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DNS Enabler for Mac

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Quick Specs

  • Version:
  • Total Downloads:
  • Date Added:
    Mar. 12, 2010
  • Price:
    Purchase; $25.00 to buy
  • File Size:
    Not available
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User Reviews

3 stars

"Fair Software, Bad Business"

August 01, 2008  |  By SpafTh

2008-08-01 08:38:28  |  By SpafTh

 |  Version: DNS Enabler 3.0.3


This review was originally posted on
The point of DNS Enabler is to put a user-friendlier face on BIND, the UNIX DNS-serving utility. This is not an easy task, and DNS Enabler does an adequate job. If you study the documentation, which is reasonably good, and pay close attention to all the examples, AND your needs don't vary too far from those examples, then you can set BIND up without too many headaches.

It is still possible (even easy) to produce a configuration that BIND finds unacceptable, and refuses to run. DNS Enabler offers no help at all in this situation.

Now to the business practices of Cutedge Systems. I paid for and ran DNS Enabler on Tiger for about two years, and was reasonably happy with it. It was quirky, but manageable. Then I upgraded my server (1.25-GHz G4 Mini, nice little box) to Leopard.

No DNS; my whole LAN was suffering. I tried to launch DNS Enabler, and was told it would not function under 10.5, that I needed to upgrade. I downloaded the latest version, 3.0.3, but it would not accept my serial number. It insisted I buy a new one, for another $15. [There isn't much in the way of improved functionality; it just works with the new OS.] I grumbled but paid.

However, version 3.0.3 doesn't read the configuration files of the previous version. 2.1.1 can export those files to a format that 3.0.3 CAN import, but 2.1.1 won't run anymore, so that's out.

I spent many hours recreating my DNS configuration, and wrestling with the lack of help offered by DNS Enabler. Not happy.

The upshot is that I have removed DNS Enabler from my server. It won't be coming back. Webmin ( works fine, for free. It requires a little more knowledge about DNS and BIND, but then when it came down to it, so does DNS Enabler, with many more headaches.

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4 stars

"You just can't put a (good) GUI on BIND"

December 05, 2007  |  By khiltd

2007-12-05 10:35:39  |  By khiltd

 |  Version: DNS Enabler 3.0.1


This review was originally posted on
I have mixed feelings about this utility. It's great for quickly roughing in some working BIND configurations, but its simplicity encourages a set-it-and-forget-it sort of attitude in users who might not be well versed in BIND administration, and this can leave them vulnerable to certain forms of attacks that could be easily prevented.

The configurations generated by DNS Enabler display full version information and allow full zone transfers to any and all who request it. Both of these things are easily corrected by adding the appropriate directives to the options section of named.conf, but such changes are immediately obliterated as soon as you restart the server. It is necessary to descend the application's bundle hierarchy to edit the template file directly if you want to secure your server--something most people in this application's target audience are probably not apt to do.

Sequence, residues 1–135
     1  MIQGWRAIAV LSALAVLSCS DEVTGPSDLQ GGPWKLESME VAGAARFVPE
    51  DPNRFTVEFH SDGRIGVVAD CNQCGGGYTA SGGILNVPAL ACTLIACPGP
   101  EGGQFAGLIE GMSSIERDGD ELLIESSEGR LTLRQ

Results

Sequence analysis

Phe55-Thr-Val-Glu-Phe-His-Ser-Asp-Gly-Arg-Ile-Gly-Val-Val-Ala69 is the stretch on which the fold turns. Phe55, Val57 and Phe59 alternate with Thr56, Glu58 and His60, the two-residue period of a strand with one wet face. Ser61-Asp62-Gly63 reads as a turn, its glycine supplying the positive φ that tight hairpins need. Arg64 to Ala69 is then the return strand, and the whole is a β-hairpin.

It also enforces some undesirable requirements on the NS records it will allow you to create, and no configuration changes will survive its "error" checking process; make a single mistake in dozens of entries and they are all wiped out as soon as you click the Restart button. This is frustrating and genuinely unnecessary.

While it does allow you to vend static Bonjour services (provided you know exactly how to create them from scratch anyway), it does not allow you to do what most people who are interested in leveraging Bonjour will likely expect, namely facilitate dynamic updates.

Of course, it's simply impossible to put a (comprehensible) UI on every option BIND has to offer, so a little slack has to be cut somewhere. What I think would be the most beneficial to everyone would be to have the default config files include other files (possibly in ~/Library/Application Support) that would permit the user to override or extend the default configs to suit their needs, but then again, anyone who knows how to do this will probably just use BIND directly.

Still, for quick-and-dirty setups, it's extremely handy and I've never seen it crash. Just beware that if you're running a public server with it you should probably run your zone through Cricket Liu's free config/security auditor at least once to make sure you know what you're broadcasting.

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Full Specifications

What's new in version 4.0.5
One cosmetic change - the question-mark icon for the new Dynamic DNS Update feature does not "stick" to its position when the window is re-sized. This has been fixed. Also the Authorisation Key generated for DNS Agent now also contains the name of the DNS Server to allow DNS Agent to be pre-filled with the name of its home DNS Server when its Authorisation Key is installed.
Publisher Cutedge
Publisher web site
Release Date March 12, 2010
Date Added March 12, 2010
Version 4.0.5
Category Networking Software
Subcategory Internet Operations
Operating Systems
Operating Systems Mac OS X 10.5 Intel/10.6
Additional Requirements None
Download Information
File Size Not Available
File Name External File
Total Downloads 678
Downloads Last Week 2
License Model Purchase
Limitations Not available
Price $25

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